This article relies largely or entirely upon a single source. (December 2009)
In manually operated firearms, such as bolt-action, lever-action, and pump-action rifles and shotguns, the bolt is held fixed by its locking lugs during firing, forcing all the expanding gas forward, and is manually withdrawn to chamber another round.
In an automatic or semi-automatic firearm, the bolt cycles back and forward between each shot, propelled by recoil or expanding gas (back) or the recoil spring (forward). When it moves back, the extractor pulls the spent casing from the chamber. When it moves forward, it strips a cartridge from the magazine and pushes it into the chamber. Once the case is clear of the chamber, the ejector kicks the case out of the weapon. The extractor and firing pin are often integral parts of the bolt. The slide of a semi-automatic pistol is a form of bolt.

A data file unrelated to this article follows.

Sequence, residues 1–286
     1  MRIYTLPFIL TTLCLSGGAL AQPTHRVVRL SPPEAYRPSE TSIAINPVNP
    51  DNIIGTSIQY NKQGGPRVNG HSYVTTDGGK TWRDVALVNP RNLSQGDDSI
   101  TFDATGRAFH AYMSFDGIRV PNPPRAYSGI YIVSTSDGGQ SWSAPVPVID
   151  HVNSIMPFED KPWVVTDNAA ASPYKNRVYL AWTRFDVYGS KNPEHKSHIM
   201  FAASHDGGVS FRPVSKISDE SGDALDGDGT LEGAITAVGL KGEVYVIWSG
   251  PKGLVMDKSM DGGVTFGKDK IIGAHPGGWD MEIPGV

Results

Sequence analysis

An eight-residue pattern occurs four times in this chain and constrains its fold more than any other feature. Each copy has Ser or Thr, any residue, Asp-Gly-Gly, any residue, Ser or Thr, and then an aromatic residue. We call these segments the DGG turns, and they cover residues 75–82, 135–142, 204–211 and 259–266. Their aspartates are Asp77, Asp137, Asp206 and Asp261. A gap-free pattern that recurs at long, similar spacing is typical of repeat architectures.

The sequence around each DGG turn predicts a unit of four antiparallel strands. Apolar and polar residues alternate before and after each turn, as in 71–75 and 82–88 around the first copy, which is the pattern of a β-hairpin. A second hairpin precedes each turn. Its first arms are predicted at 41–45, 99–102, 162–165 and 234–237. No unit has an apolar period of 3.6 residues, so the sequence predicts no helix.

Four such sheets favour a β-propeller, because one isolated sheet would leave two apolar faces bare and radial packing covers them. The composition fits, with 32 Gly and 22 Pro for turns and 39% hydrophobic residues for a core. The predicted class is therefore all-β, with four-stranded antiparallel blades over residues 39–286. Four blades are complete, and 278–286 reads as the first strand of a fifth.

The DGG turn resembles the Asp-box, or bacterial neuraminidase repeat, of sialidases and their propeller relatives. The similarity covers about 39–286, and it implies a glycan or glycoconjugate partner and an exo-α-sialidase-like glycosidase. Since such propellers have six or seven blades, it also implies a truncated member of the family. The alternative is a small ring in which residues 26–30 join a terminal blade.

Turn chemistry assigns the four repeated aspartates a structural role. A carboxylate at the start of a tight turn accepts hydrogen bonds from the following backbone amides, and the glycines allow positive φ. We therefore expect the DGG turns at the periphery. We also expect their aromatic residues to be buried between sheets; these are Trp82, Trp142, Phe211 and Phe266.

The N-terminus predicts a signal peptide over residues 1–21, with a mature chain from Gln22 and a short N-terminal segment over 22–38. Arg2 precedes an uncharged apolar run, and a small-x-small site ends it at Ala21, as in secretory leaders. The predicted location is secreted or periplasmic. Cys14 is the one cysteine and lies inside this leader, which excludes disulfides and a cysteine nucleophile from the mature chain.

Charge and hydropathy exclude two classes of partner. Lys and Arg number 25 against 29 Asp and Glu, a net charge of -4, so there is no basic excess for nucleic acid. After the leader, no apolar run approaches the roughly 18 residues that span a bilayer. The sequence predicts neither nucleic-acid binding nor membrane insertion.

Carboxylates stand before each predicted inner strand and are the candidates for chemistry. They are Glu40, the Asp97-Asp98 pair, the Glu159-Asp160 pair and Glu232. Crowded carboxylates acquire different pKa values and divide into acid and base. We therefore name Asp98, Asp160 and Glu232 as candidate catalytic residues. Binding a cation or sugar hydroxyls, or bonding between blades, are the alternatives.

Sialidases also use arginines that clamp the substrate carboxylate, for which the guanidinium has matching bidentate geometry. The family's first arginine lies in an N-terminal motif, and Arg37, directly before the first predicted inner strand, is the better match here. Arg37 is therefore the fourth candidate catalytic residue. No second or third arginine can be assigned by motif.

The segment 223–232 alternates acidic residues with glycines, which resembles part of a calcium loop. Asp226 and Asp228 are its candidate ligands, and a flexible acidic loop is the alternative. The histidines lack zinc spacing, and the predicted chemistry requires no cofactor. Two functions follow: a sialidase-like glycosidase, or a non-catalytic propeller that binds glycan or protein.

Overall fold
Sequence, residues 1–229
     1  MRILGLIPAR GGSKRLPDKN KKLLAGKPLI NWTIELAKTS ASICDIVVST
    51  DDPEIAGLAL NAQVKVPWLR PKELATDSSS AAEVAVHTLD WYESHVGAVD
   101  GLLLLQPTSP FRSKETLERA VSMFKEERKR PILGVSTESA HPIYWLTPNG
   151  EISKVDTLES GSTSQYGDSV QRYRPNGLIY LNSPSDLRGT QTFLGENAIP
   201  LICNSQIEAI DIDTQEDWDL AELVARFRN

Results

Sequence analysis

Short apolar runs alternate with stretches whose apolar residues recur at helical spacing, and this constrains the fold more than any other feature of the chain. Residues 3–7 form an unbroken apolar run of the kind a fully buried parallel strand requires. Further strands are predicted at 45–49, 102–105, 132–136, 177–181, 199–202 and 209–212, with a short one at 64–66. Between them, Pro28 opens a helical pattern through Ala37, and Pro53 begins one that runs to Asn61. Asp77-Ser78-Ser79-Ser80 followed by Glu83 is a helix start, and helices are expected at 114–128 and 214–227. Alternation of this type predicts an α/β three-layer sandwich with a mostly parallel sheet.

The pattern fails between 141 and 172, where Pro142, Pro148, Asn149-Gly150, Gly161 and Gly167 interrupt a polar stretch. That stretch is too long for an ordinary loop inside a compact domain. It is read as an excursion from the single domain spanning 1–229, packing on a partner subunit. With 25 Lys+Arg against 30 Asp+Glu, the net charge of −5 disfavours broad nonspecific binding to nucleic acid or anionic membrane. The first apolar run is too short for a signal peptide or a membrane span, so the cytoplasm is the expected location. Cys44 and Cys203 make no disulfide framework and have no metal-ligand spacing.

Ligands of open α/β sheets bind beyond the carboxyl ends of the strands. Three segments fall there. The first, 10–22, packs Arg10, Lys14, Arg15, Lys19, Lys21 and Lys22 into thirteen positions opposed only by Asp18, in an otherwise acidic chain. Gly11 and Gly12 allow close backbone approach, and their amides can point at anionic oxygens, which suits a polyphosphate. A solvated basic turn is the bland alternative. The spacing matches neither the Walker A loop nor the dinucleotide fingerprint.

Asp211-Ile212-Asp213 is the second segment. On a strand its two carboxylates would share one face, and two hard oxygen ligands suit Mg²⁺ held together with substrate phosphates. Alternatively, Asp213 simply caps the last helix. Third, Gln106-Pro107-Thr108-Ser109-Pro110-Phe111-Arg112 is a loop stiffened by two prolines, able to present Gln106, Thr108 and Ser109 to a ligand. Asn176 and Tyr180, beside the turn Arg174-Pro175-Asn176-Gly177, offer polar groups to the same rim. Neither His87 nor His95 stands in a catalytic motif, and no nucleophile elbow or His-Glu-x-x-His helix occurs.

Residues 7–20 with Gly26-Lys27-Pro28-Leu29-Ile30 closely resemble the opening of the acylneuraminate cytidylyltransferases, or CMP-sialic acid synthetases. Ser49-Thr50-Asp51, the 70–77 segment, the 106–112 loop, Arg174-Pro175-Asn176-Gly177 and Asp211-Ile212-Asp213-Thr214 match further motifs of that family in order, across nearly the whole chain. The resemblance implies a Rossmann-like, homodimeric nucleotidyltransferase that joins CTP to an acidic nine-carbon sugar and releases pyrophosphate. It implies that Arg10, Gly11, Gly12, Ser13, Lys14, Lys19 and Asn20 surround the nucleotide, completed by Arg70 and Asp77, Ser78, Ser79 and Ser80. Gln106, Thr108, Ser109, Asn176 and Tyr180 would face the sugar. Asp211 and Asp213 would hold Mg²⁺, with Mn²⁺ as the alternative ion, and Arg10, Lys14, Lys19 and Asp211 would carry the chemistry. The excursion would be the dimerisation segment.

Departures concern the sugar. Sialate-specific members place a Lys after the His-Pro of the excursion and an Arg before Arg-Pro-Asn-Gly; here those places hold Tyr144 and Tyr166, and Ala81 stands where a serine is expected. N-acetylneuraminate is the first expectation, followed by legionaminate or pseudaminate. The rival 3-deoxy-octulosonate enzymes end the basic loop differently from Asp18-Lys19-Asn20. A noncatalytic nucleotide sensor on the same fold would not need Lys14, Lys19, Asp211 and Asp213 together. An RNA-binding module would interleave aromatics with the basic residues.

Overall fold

AR-15 bolt carriers
Mauser 98 bolt from a bolt-action rifle
K31 bolt disassembled
Automatic rifle bolt (top) off a SIG SG 510 battle rifle
Slide locked back on a Desert Eagle pistol, showing the gas operated rotating bolt meachanism
- Full Auto describes the function of the bolt in detail
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